BANK of Singapore is back on track to post double-digit growth for 2014, likely as much as 15 per cent, according to its outgoing chief executive, Renato de Guzman.
"This year we'll have record growth," said Mr de Guzman, who's better known as "Bing" to everyone in the private bank's headquarters. "We could end 2014 with AUM (assets under management) of US$52-53 billion," he told The Business Times in a recent interview. That would mean a gain of 13-15 per cent from 2013's US$46 billion AUM. As at Sept 30, the bank's AUM has already crossed US$51.1 billion, doubled from US$23 billion in January 2010 when BOS was launched.
In an earlier interview in March, Mr de Guzman had said that BOS, having completed its spring cleaning last year following three years of strong growth, was gunning for AUM growth of 15 per cent, almost double that of 2013. Its AUM rose 8 per cent in 2013 to US$46 billion - slower than the previous three years of double-digit gains, as the bank turned its attention to building up its infrastructure and weeding out clients whose AUM fell below US$1 million.
"I'm leaving on a high note - ticked all the right boxes," said the affable banker.
BOS announced last month that Mr de Guzman will retire on Jan 31 next year. The 64-year-old will remain at the bank as a senior adviser until the end of June to ensure a smooth transition. He will be succeeded by banking veteran Bahren Shaari, currently BOS' senior managing director and global marketing head of South-east Asia.
Mr de Guzman became head of the bank in January 2010, having helmed the former ING Asia Private Bank for 10 years before it was acquired by OCBC Bank, Singapore's second largest bank. "Under his leadership, he skilfully steered the renamed Bank of Singapore, rapidly expanding the regional management teams with highly qualified professionals and developing a leading product, research and advisory platform," BOS said.
The bank now has 1,300 staff, up from 1,200 last year.
The smooth transition belied a rocky patch at the beginning of the year. Then BOS was rocked by the departure of Yelandur Nagendra, head of the non-resident Indian (NRI) unit, who took with him a substantial number of staff, including the NRI chiefs in Hong Kong and Dubai, to J Safra Sarasin, a Swiss private bank.
"At the beginning of 2014, I was expecting a relatively peaceful pre-retirement but it turned out to be a challenging time as a key member of my team left," Mr de Guzman said. But the episode testified to the resilience of the leadership team, with senior managers chipping in to help, according to him.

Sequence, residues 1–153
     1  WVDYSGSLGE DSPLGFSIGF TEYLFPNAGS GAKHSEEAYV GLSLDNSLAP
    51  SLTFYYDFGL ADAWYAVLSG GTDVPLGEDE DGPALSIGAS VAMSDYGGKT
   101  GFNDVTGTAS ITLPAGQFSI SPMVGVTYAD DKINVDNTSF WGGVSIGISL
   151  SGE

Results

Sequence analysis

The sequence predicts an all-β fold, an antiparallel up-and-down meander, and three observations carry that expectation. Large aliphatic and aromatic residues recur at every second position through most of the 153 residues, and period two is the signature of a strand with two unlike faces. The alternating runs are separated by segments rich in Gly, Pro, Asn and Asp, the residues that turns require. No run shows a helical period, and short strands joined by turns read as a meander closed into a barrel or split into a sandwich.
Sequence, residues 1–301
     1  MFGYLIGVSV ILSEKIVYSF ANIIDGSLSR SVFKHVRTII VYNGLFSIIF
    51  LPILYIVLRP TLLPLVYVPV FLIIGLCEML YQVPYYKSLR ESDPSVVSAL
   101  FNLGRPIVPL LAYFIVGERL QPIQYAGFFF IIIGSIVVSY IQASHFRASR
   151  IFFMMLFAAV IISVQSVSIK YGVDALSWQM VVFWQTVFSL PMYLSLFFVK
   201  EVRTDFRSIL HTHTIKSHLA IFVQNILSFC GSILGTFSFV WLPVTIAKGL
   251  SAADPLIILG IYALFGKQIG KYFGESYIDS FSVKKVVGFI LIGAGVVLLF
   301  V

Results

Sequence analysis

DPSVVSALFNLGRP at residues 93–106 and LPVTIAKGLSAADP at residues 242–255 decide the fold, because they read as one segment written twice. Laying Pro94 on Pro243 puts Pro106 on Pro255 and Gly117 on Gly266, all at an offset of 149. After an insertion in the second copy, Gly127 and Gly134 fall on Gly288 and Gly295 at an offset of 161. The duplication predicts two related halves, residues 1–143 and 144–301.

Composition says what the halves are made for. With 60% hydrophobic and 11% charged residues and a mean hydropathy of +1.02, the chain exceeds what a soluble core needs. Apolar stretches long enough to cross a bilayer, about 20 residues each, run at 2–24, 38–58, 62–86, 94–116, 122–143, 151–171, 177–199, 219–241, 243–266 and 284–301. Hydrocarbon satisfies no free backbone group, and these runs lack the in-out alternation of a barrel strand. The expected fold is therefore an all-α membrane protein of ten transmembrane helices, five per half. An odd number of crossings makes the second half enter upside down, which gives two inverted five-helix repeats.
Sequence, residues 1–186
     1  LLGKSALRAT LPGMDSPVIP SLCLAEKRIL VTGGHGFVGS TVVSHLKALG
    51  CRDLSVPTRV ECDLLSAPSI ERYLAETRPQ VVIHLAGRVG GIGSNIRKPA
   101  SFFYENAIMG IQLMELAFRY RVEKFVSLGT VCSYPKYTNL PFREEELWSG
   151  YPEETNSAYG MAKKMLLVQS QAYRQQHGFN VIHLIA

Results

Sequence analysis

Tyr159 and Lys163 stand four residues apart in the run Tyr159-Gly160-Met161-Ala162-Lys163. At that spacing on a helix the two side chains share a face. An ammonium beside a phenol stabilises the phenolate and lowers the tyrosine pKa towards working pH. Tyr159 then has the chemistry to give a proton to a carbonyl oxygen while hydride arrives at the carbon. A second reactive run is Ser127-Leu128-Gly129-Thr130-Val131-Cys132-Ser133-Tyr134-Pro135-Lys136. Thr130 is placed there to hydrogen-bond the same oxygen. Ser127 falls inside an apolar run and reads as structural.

There were some who wondered about the ability of non-Indian relationship managers (RM) serving NRI clients. But NRI clients were in fact impressed by the senior RMs who stepped in to service them, Mr de Guzman said.
"We had the ability to improvise, and were able to upgrade the service levels to clients," he said.
Today, the bank's NRI team is headed by Nikhil Advani in Singapore, Edward Chow in Hong Kong and Kirit Chauhan in Dubai. "It was unexpected, unwelcomed but turned out to be a good proof of the strength of our organisation in terms of our platform, value proposition and a good test of our banking model," Mr de Guzman said.
This year's strong AUM growth has also been accompanied by record profitability, he noted.
The strong financials give the bank the ability to meet challenges and sustain it through market volatility, Mr de Guzman added. And cost is coming down - the cost to income ratio is below the industry's average of 65 per cent.
OCBC's income from wealth management activities (comprising income from insurance, private banking, asset management, stockbroking and other wealth management products) climbed to a new record of S$1.68 billion in the first nine months of 2014, up 17 per cent.
Clients are drawn to BOS for several reasons, including it being Singapore-headquartered, and the strong AA- rating from Standard & Poor's of parent OCBC, according to Mr de Guzman. BOS also offers global capabilities via an open architecture platform, supported by a strong research team. This year, OCBC acquired Hong Kong's Wing Hang Bank, which has 95 branches in Hong Kong, Macau and China.
Does he wish BOS could have expanded via acquisition?
"Acquisition is always an option. OCBC has just acquired Wing Hang, there's so much to do," said Mr de Guzman. BOS' focus is to harness the group's deepening network across its core markets of Malaysia, Indonesia and Greater China, he said. "There's a lot of platforms to grow our business - no need to copy anyone in terms of strategy," he said. "You play to your strengths and continue to grow in your selected markets - Singapore, Malaysia, Indonesia and Greater China - where OCBC has strong presence and growth opportunity is big."
OCBC Malaysia is among Malaysia's largest foreign banks with 41 branches while Bank OCBC NISP is the seventh largest privately owned Indonesian bank with 339 branches.